— The Happy Days of the Empress Marie Louise • Imbert De Saint-Amand

... loud, and without acquiring a stilted delivery. The advice of the old actors was that you should always pitch your voice so as to be heard by the back row of the gallery—no easy task to accomplish without offending the ears of the front of the orchestra. And I should tell you that this exaggeration applies to everything on the stage. To appear to be natural, you must in reality be much broader than nature. To act on the ...
— The Drama • Henry Irving

... his seegars. But doan' you move, honey"—sobriquet for me. "I kin git 'em." Or "Clar to goodness, you pillows look like a passel o' hogs done tromple ye, yo're dat mussed." Critical remarks like these last were given in a low tone, and, although addressed to the offending articles themselves, accompanied by sundry cuffs of her big hand, were really intended to convey Aunt Chloe's private opinion of the habits of her ...
— The Underdog • F. Hopkinson Smith

... sure enough, there were wishbones sticking out of the ground in every direction. He thought they looked like little croquet hoops, but he made no comments, for fear of offending the old gobbler. But he felt that he must say something to make the gobbler think that he was not frightened, so he remarked, in an ...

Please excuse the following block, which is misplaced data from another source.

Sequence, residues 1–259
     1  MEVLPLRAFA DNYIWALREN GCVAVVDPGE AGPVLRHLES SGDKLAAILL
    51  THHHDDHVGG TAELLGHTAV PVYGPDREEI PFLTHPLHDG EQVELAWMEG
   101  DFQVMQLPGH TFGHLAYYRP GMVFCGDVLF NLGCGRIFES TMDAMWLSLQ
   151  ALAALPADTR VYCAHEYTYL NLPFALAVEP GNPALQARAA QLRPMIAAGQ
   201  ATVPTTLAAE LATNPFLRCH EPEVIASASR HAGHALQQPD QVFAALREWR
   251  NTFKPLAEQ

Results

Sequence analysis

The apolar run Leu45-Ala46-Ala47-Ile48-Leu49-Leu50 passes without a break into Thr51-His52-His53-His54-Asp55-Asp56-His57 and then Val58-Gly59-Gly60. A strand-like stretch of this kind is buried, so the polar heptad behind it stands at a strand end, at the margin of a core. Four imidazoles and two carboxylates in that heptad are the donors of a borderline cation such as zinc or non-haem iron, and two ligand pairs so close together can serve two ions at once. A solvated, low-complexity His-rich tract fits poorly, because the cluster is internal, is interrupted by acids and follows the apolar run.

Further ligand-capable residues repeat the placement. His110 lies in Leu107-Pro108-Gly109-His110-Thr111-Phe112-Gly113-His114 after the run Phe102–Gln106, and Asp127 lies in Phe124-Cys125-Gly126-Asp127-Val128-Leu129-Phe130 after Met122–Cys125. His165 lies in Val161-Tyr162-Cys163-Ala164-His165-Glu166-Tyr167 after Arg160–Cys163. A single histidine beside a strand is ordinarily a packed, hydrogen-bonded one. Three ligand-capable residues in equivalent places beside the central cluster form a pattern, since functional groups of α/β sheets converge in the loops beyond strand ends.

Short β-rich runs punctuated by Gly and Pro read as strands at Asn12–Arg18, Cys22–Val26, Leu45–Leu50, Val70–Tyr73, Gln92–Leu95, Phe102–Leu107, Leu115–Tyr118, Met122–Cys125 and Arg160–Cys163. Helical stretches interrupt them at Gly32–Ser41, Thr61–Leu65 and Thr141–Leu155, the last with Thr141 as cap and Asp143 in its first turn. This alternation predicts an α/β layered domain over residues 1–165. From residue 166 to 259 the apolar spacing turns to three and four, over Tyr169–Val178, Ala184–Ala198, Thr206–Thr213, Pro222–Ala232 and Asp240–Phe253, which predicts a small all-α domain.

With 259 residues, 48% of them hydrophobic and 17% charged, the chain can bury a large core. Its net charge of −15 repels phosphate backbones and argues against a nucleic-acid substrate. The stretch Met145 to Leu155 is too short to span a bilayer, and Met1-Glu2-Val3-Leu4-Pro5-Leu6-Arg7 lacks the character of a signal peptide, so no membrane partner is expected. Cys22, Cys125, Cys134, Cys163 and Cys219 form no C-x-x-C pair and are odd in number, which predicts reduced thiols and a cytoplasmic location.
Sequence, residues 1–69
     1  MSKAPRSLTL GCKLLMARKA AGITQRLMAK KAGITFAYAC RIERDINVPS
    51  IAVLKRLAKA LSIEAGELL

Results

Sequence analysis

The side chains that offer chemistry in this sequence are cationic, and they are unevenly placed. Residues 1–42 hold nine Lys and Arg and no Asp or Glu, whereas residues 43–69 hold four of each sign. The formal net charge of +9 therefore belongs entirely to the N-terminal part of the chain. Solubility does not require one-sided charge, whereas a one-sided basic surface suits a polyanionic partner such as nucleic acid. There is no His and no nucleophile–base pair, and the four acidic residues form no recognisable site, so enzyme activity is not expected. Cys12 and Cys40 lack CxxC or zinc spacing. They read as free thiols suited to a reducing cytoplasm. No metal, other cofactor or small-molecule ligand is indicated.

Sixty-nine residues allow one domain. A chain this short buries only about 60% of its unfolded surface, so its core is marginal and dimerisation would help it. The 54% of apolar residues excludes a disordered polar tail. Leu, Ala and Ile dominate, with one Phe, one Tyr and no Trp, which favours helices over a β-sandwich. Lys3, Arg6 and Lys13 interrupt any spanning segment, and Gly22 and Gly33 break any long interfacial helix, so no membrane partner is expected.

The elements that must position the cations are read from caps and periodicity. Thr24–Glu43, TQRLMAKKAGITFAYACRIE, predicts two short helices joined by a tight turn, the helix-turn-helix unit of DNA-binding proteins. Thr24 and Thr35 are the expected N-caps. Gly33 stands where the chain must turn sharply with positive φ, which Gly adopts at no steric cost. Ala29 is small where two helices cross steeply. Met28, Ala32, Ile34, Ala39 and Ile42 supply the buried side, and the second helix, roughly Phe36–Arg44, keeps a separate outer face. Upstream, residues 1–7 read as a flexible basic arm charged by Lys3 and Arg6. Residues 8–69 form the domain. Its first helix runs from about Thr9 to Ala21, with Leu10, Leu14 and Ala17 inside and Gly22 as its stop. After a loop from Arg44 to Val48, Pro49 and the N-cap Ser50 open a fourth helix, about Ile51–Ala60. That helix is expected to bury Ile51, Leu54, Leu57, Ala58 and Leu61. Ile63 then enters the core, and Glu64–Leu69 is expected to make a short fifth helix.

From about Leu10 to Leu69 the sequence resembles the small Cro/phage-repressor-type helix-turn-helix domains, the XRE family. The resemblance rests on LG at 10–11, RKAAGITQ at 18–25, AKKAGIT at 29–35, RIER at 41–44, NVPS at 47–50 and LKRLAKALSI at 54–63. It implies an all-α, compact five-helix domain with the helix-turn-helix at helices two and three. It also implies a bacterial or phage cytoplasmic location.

— Good Cheer Stories Every Child Should Know • Various

... pestilently prolix and paradoxical and personal. If he would but talk half, and reduce his visits to an hour, he would add to his popularity. As an author he is very good, and his vanity is ouverte, like Erskine's, and yet not offending. ...
— Life of Lord Byron, Vol. II - With His Letters and Journals • Thomas Moore

... the husband generally cut off the offending wife's nose or ears; for the second offence she was killed by the All Comrades. Often the woman, if her husband complained of her, would be killed by her brothers or first cousins, and this was more usual than death at the hands of the All Comrades. However, the husband could ...
— Blackfoot Lodge Tales • George Bird Grinnell

... might—he, George W. Stener, once a cheap real-estate and insurance agent. He strolled up the street thinking, but with no more idea of the importance of his civic duties and the nature of the social ethics against which he was offending than if ...